The Prime interviewer was pathetic. I have never been interviewed by anyone in TV who had so little idea how to ask interesting, sensibly organized questions on a subject.

ABC TV landed the helicopter in the paddock across the creek from the shed, after using the mobile phone to ask my guidance in between power lines. All this excitement kept the shearers entertained! Both TV crews filmed inside the shed where the men worked, as well.

ABC slunk around in the yards amongst the sheep, which by now were shorn, getting the best possible footage of the poorest animals. They were successful. They made the worst looking animal the star attraction on the news that night, in all its pathetic state, with the usual, unavoidable shear cuts highlighted.

Basically, my point of view politically, that I tried to put across was that we desperately need less interference, control, new laws and complicated bureaucratic nonsense in the running of our farms. We also need sensible, workable ways that we can put money aside in better times to help us survive the hard ones. With a decent system we would not need handouts. No schemes we have had so far are worth entering into. I have yet to hear an accountant recommend I use one of the schemes so far in place.

Another point I tried to make in support of this being a ‘good news story' relates to a philosophy I call, ‘letting the horse go'. Often the best way to achieve something is by going the complete opposite direction. Instead of digging my toes in, like we usually do when things get tough, by holding on to the sheep and making life harder for myself in trying to keep them alive, I let them go. The reward in letting them go is enormous.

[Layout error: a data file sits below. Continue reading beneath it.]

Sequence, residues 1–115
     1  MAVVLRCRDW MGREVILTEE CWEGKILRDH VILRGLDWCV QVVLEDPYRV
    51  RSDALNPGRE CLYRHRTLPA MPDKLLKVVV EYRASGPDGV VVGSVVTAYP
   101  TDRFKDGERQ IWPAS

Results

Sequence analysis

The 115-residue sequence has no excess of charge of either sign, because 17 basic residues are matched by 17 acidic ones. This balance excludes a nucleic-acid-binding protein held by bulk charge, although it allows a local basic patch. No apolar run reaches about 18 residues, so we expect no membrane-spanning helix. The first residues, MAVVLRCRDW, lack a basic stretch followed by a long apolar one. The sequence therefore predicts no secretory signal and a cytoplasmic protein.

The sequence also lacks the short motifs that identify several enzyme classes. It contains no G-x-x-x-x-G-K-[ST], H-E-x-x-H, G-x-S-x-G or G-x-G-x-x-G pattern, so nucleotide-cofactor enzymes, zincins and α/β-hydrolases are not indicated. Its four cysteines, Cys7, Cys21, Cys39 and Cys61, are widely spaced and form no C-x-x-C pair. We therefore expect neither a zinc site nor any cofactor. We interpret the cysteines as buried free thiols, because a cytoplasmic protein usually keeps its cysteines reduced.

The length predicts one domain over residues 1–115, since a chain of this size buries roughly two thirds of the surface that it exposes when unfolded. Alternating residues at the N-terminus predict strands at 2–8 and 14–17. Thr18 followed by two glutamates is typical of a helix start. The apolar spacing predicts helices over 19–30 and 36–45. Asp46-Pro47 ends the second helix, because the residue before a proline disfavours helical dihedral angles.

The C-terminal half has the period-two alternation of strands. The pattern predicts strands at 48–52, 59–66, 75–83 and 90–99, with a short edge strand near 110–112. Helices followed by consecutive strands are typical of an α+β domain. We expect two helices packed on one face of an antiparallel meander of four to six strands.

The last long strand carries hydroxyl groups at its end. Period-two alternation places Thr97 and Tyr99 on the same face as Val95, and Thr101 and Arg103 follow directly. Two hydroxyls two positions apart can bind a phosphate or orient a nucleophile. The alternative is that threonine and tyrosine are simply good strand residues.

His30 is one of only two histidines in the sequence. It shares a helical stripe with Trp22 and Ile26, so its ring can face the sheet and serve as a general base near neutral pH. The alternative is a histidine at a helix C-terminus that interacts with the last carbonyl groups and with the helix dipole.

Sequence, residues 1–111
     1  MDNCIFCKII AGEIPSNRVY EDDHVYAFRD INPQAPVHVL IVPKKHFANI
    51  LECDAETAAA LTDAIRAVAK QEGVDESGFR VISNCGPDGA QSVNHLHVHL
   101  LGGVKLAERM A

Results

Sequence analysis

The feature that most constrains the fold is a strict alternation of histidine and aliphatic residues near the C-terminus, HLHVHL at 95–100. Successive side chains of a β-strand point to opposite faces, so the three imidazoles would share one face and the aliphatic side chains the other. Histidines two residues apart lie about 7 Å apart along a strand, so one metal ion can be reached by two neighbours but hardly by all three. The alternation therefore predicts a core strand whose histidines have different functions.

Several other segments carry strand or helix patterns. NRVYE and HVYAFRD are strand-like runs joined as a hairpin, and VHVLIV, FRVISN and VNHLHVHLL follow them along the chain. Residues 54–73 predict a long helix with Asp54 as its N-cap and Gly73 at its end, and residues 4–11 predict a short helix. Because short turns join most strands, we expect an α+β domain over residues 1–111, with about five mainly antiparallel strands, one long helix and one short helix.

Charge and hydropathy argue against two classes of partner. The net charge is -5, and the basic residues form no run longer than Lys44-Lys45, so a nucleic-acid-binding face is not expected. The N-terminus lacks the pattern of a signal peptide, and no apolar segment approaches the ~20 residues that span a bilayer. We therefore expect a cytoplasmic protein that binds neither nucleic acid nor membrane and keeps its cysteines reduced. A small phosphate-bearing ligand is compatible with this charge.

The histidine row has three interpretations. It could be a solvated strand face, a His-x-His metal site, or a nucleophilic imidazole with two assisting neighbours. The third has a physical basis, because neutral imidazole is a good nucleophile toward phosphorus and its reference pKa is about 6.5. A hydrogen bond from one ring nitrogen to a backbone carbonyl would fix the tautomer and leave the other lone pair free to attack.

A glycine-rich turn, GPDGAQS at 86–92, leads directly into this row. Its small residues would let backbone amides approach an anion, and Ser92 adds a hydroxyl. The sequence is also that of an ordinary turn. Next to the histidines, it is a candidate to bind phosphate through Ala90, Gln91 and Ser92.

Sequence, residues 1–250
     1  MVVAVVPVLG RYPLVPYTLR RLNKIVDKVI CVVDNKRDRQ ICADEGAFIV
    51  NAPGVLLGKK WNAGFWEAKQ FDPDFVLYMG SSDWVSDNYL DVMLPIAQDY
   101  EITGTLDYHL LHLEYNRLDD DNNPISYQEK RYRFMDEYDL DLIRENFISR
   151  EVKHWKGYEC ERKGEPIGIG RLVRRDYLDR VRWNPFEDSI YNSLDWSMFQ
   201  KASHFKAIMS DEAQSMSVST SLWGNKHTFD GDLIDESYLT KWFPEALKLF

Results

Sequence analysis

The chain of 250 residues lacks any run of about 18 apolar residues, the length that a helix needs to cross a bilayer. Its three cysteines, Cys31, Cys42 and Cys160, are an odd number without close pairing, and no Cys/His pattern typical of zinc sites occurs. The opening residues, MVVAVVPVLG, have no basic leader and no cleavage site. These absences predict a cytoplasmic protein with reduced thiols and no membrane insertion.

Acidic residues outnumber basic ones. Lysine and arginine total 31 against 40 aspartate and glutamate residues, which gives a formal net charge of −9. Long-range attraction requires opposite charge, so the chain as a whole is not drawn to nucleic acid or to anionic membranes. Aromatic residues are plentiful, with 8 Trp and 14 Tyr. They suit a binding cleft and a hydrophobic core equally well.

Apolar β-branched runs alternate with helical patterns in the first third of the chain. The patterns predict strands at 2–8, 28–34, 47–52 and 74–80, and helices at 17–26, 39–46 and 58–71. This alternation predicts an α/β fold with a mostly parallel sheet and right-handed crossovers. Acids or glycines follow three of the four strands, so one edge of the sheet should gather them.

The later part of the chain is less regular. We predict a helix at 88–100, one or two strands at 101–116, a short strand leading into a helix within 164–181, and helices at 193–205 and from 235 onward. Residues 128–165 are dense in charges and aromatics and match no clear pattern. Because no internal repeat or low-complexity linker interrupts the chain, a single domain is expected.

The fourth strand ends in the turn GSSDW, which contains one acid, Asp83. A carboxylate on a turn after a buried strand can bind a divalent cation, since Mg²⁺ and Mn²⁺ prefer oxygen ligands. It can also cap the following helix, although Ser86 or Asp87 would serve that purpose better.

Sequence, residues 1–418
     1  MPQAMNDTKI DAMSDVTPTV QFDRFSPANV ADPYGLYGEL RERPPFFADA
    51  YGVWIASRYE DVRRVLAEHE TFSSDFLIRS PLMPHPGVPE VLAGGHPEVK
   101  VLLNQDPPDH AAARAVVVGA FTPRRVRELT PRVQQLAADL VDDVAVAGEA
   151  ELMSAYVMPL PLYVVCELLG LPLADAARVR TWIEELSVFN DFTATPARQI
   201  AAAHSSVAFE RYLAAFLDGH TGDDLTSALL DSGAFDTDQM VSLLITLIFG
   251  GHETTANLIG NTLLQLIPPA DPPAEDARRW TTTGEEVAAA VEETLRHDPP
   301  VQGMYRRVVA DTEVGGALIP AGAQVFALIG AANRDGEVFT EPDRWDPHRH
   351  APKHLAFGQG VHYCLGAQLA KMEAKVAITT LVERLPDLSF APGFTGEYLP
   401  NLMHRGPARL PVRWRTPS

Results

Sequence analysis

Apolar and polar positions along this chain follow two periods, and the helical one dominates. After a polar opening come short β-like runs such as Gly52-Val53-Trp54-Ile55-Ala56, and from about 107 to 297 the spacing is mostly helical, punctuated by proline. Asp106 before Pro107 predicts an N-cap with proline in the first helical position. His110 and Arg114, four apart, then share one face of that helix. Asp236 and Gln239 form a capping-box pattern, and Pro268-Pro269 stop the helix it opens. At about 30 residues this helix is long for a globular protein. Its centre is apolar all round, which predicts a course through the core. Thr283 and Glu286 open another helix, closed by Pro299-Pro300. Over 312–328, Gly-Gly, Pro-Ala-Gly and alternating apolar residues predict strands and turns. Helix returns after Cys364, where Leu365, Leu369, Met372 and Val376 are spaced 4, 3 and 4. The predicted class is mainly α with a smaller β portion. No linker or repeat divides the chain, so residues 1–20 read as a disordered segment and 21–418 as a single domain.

No one grasped this.

Very little made it to air in any form to promote the Norvill Art Prize.

More radio followed, and newspapers through the afternoon. One photographer had me all but standing on my head, with ‘water reflection' background. He seemed to want the sheep to ‘leap' over the dam wall. I couldn't get through to him that they were not capable of such in their state.

We tried to muster more sheep.

If the weather had been a threat there is no way I would have gotten away with it, because most of the work was done late that day, after even the shearers had packed up and gone home.

The ‘lost sheep' had been let out to try to get a feed and drink in a stock lane around the hill from the shed. We went to muster them back in to shed for shelter overnight, at about 9 pm, using the headlight of the Toyota to see where we were going. When we located them one lay dead on the ground, blood and mess everywhere. It was painfully clear a wild dog had attacked it in the last hour or so. It was still warm. The poor thing was torn apart, end from end. There had not been a dog attack here that I am aware of in years.
Next day the sheep were trucked out. Only a few of the poorest were not put on board.

I have not since heard how they got on but their new home was to be in the Singleton district, in a paddock that had been locked up a while.
This story sparked a lot of comment from people. Even now, years later, people still mention it. Perhaps it is another case of, ‘being remembered for all the wrong reasons'?